Refundable Tax Credits

Income and work supports may be provided through the tax system as well as through benefit programs. The most important tax credits for low-income households are the refundable Earned Income Tax Credit and the Child Tax Credit (credits that together lifted an estimated 8.7 million people out of poverty in 2011), and the partially refundable American Opportunity Tax Credit, which reduces the cost of postsecondary education.  These credits were improved by the 2009 American Recovery and Reinvestment Act, and these improvements were extended through 2018 by the American Taxpayer Relief Act of 2012. 

Sep 7, 2016  |  PERMALINK »

Labor Day underscores the importance of rewarding work

By Jessica Gehr

The Earned Income Tax Credit (EITC) is one of the most important anti-poverty programs in the country and benefited over 27 million people in 2014. The credit rewards work and helps low- and moderate-income working families save, pay bills, or cover other expenses such as child care. Many studies have proven that working-family tax credits encourage work. The EITC is especially effective at encouraging work among single mothers earning low wages. However, workers without dependent children, including non-custodial parents, receive only a small EITC, which phases out before a single worker earns enough to escape poverty; thus, childless workers are the only group pushed into poverty by federal taxes. Congress needs to strengthen the EITC to encourage and reward work for childless workers.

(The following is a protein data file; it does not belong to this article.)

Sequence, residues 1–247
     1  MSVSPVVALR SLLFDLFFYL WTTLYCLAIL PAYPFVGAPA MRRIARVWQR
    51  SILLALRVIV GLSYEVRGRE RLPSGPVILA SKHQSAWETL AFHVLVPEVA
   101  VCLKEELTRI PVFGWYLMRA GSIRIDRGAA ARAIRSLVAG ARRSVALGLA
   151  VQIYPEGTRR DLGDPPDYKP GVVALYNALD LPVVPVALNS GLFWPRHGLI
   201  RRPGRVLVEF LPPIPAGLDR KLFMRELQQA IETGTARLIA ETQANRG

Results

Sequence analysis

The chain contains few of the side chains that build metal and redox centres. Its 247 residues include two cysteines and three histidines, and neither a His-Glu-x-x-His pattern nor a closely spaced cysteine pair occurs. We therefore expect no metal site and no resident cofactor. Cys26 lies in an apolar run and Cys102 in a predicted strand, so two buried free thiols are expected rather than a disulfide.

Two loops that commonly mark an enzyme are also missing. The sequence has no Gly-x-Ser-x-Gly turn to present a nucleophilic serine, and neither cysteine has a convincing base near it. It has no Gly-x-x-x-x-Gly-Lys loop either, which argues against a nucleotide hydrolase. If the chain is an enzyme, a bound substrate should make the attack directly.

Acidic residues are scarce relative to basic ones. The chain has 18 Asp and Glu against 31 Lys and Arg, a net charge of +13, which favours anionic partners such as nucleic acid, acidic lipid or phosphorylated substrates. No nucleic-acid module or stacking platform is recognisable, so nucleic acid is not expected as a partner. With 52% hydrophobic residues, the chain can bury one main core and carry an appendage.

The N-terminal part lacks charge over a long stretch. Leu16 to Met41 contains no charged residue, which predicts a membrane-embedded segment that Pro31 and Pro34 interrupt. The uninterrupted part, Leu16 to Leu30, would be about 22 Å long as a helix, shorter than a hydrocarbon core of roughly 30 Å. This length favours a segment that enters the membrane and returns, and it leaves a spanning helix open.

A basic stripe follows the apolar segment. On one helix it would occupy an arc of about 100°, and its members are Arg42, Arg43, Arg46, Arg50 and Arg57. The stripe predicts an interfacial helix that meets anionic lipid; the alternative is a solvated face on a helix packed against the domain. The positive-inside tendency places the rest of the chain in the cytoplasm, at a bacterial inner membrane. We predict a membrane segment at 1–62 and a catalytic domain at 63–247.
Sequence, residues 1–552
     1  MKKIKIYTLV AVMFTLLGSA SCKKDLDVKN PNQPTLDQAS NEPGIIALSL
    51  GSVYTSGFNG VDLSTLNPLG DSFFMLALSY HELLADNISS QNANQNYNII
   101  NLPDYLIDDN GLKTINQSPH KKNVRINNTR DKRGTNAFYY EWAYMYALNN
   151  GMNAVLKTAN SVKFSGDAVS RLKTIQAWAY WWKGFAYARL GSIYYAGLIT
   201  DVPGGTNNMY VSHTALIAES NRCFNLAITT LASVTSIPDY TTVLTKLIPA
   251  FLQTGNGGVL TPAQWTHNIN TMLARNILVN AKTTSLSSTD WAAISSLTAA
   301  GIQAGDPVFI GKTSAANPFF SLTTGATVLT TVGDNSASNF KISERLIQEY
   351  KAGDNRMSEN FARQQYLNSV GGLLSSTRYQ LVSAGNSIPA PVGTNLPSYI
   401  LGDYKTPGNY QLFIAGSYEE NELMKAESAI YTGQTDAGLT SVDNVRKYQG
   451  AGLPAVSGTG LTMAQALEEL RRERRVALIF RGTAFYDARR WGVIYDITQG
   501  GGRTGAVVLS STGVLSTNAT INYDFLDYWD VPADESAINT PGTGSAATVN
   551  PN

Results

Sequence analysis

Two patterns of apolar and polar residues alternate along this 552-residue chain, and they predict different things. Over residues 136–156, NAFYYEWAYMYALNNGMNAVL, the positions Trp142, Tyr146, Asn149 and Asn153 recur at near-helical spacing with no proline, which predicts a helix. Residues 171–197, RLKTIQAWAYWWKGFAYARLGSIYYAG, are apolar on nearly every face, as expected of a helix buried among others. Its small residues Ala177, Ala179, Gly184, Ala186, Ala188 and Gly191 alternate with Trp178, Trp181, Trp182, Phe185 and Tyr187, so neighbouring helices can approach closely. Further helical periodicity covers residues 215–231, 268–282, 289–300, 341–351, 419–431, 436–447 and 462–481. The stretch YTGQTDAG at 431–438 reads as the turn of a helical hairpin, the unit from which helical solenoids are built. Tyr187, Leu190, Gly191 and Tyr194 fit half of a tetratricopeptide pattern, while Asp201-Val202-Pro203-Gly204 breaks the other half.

Proposals to expand the EITC for childless workers have won bipartisan support, including President Obama and Speaker Paul Ryan (R-WI). Senators Sherrod Brown (D-OH), Tammy Baldwin (D-WI) and Cory Booker (D-NJ), along with Representative Richard Neal (D-MA) and others, have introduced legislation that would expand the EITC.

According to a White House report, expanding the EITC would benefit 13.5 million workers, a diverse group encompassing:

Young workers: All expansion proposals include lowering the age of eligibility for the credit from 25 to 21, which would benefit 3.3 million young adults. Despite the misconception that young people ages 21-24 are going to school, perhaps working part-time and being supported financially by their parents, 13 million young adults in their early 20s are employed, and 62 percent are working full-time. Expanding the EITC would give young people the boost they need to build a stronger financial future.

Older workers: Older adults, particularly older women, would also benefit from a strengthened EITC. According to the National Women’s Law Center, women approaching retirement constitute two-thirds of the older workers who would benefit from expanding the EITC. Proposals by President Obama and Senators Baldwin and Booker would modernize the EITC age limit to include workers who are 65 and 66, reflecting the age increase for collecting full Social Security retirement benefits.

Non-custodial parents: According to the White House report, 1.5 million non-custodial parents would benefit from the proposed EITC expansion. By boosting these parents’ incomes–and encouraging work–the expansion may benefit their children as well. Increasing the EITC would help these non-custodial parents pay child support, which in turn promotes stronger family connections.

Veterans: The Center on Budget and Policy Priorities estimates that approximately 630,000 veterans would benefit from the expansion.

Extensive research has proven the effectiveness of the EITC on short- and long-term outcomes. Policymakers on both sides of the aisle have expressed support for expanding the EITC, and it is time to turn this support into action. Labor Day is a traditional time for rhetoric about the importance of work. Congress should make that rhetoric a reality by encouraging and rewarding work by expanding the EITC to childless workers.

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